insertUser       :: MonadDB m => UserName -> User -> m ()
lookupUser       :: MonadDB m => UserName -> m (Maybe User)
getUsersByRegion :: MonadDB m => Region -> m [User]
setUserLapsed    :: MonadDB m => UserName -> m ()
unsetUserLapsed  :: MonadDB m => UserName -> m ()
purgeUser        :: MonadDB m => UserNamr -> m ()

This CRUD group corresponds to an effect:

module App.Sem.UserStore where

data UserStore m a where
  Insert      :: UserName -> User -> UserStore m ()
  Lookup      :: UserName -> UserStore m (Maybe User)
  GetByRegion :: Region -> UserStore m [User]
  SetLapsed   :: UserName -> UserStore m ()
  UnsetLapsed :: UserName -> UserStore m ()
  Purge       :: UserName -> UserStore m ()

makeSem ''UserStore

We can now replace all calls across the codebase to insertUser a b with liftSem $ UserStore.insert a b. Doing so will require you to propagate a Member UserStore r constraint throughout the callstack. I really like this process. It’s a bit annoying to push constraints upwards, but it really gives you a good sense for the hidden complexity in your program. As it turns out, MonadIO is hiding a metric ton of spaghetti code!

All of this replacing and constraint propagating has given you dependency injection. But remember, at this step we’d like all of our changes to be no-ops, so we still need to inject the old codepath. For this we will make an interpreter of the UserStore effect:

module App.Sem.UserStore.IO where

import qualified TheDatabase as DB
import App.Sem.UserStore

    :: forall m r a
     . (Member (Embed m) r, MonadDB m)
    => Sem (UserStore ': r) a
    -> Sem r a
userStoreToDB = interpret $ embed @m . \case
  Insert un u    -> DB.insertUser un u
  Lookup un      -> DB.lookupUser un
  GetByRegion r  -> DB.getUsersByRegion r
  SetLapsed un   -> DB.setUserLapsed un
  UnsetLapsed un -> DB.unsetUserLapsed un
  Purge un       -> DB.purgeUser un

Make sure to add UserStore (and its dependency, Embed DB) to the head of CanonicalEffects:

type CanonicalEffects =
  '[ UserStore
   , Embed DB  -- dependency of UserStore
   , Embed IO  -- dependency of Embed DB
   , Final IO

and then we can update the canonical interpreter:

canonicalAppToIO :: Env -> App CanonicalEffects a -> IO (Either AppError a)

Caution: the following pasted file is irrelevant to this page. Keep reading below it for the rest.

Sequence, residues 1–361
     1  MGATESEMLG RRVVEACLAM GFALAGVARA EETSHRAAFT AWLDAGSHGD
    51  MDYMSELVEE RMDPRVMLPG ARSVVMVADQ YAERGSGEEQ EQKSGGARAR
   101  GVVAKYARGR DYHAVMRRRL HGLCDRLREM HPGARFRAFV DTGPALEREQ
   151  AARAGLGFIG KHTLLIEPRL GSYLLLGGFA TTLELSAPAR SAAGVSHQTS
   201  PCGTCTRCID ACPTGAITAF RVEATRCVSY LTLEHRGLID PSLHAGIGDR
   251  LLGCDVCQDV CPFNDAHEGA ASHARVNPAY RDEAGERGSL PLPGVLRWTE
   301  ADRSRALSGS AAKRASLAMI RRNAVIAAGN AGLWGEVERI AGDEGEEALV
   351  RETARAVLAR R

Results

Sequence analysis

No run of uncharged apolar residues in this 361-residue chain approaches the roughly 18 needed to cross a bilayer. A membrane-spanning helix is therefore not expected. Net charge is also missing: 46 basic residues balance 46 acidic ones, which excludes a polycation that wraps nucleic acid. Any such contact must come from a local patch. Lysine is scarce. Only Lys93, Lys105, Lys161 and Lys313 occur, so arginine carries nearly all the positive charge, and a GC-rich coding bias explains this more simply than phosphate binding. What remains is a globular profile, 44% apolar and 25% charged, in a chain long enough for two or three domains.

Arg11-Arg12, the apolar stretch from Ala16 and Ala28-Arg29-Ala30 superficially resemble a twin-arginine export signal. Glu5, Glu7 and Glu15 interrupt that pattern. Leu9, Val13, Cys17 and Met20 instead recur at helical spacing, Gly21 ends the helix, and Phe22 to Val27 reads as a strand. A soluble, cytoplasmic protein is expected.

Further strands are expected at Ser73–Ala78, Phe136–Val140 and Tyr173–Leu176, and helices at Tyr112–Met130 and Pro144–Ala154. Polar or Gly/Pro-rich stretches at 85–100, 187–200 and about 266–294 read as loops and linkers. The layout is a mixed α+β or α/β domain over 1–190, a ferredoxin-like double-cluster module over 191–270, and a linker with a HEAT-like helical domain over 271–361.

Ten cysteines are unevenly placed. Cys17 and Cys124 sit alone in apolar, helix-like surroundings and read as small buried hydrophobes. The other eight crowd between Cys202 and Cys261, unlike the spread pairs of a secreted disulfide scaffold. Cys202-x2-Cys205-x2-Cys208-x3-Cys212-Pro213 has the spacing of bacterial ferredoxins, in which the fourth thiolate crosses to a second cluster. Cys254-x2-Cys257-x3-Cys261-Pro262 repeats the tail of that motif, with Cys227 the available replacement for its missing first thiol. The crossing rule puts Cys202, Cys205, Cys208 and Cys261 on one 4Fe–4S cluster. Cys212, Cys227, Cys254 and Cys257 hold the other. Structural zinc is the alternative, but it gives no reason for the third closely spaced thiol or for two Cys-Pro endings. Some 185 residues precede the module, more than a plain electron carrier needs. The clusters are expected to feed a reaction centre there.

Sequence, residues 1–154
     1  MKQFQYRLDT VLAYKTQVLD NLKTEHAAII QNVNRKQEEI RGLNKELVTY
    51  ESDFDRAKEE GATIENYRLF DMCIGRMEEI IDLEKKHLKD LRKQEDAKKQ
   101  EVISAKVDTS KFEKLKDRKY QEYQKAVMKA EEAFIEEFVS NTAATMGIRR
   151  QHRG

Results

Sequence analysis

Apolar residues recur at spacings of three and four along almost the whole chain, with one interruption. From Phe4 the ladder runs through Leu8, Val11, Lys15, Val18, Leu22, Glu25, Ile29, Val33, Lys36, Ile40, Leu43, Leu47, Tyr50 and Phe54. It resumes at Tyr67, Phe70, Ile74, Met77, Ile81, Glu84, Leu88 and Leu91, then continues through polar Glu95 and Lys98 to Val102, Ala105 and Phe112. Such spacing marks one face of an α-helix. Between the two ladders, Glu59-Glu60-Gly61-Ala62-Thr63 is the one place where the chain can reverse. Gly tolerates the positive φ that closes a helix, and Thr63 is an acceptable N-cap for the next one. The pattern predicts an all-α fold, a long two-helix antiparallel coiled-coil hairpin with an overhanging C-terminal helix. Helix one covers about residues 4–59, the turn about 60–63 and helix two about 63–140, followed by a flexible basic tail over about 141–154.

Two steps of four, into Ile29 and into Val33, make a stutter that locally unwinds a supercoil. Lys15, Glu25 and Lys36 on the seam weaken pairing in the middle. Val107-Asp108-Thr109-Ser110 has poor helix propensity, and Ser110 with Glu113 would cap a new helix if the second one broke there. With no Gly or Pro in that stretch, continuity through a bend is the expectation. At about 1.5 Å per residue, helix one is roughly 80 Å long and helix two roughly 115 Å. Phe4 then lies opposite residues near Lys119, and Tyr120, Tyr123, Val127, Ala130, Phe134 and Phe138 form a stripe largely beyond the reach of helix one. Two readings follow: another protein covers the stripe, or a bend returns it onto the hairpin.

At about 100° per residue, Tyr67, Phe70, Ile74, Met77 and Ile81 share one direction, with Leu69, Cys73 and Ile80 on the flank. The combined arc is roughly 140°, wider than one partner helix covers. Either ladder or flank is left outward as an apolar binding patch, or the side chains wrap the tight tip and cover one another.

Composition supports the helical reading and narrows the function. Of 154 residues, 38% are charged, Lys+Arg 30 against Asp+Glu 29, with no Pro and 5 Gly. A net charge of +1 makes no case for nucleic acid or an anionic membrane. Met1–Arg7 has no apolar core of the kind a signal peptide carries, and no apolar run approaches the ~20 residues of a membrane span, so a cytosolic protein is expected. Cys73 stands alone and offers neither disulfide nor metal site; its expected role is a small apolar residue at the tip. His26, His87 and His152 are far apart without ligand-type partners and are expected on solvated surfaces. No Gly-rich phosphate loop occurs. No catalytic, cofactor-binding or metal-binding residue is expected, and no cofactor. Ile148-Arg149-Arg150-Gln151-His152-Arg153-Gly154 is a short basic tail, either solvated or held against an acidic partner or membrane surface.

canonicalAppToIO env
  = runFinal
  . embedToFinal
  . runEmbedded @DB @IO (however you run the DB in IO)
  . userStoreToDB @DB
  . runExceptT
  . flip runReaderT env
  . unApp

The general principle here is that you add the new effect somewhere near the top of the CanonicalEffects stack, making sure to add any effects that your intended interpreter requires lower in the stack. Then, add the new interpreter to canonicalAppToIO, in the same order (but perhaps presented “backwards”, since function application is right to left.) Make sure to add interpreters for the depended-upon effects too!

As you pull more and more effects out, you’ll find that often you’ll already have the depended-upon effects in CanonicalEffects. This is a good thing — we will probably have several effects that can all be interpreted via Embed DB.

The benefit here is that we have now separated our application code from the particular choice of database implementation. While we want to use userStoreToDB in production, it might make less sense to use in local testing environments, where we don’t want to spin up a database. Instead, we could just write a little interpreter that emulates the UserStore interface purely in memory! Once you’ve fully exorcised IO from your codebase, this approach gets extremely powerful.

Choosing Effects

Carving out your effects is probably the hardest thing to do here. What’s difficult is that you need to forget your instincts! Things that would make a good MTL-style typeclass are often terrible choices for effects.

Why’s that? There’s this extremely common pattern in the Haskell ecosystem for libraries that want to expose themselves to arbitrary applications’ monad stacks. To continue with the MonadDB example, it’s likely something like:

class (MonadIO m, MonadThrow m) => MonadDB m where
  liftDB :: DB a -> m a

While this works fine for a single underlying implementation, it’s an awful effect for the same reason: there’s only one interpretation! Any meaningful interpreter for MonadDB is equivalent to writing your own implementation of the database! It’s the same reason we don’t like IOIO is so big that every possible interpretation of it would necessarily need to be able to talk to the file system, to the network, to threads, and everything else that we can do in IO.

Instead, when you’re looking for effects to pull out, you need to forget entirely about the implementation, and just look at the abstract interface. Don’t use an HTTP effect to talk to a REST API — it’s too big, and would require you to implement an entire HTTP protocol. Instead, just define an effect that talks to exactly the pieces of the API that you need to talk to. Forget that it’s REST entirely! That’s an implementation detail, and implementation details are the domain of the interpreter, not the effect.

Furthermore, if you’re just using the standard Polysemy effects, pick the smallest effect that you can get away with. You’ll probably reach for Reader more often than you should. You don’t need to use Reader unless you need local — otherwise, prefer Input.

Summing Up

That’s all I have for today, but I have a few more posts in mind for this series. One on how to actually go about testing all of this stuff, and another on how to follow up the refactoring of your new Polysemy codebase now that all of the IO has been removed.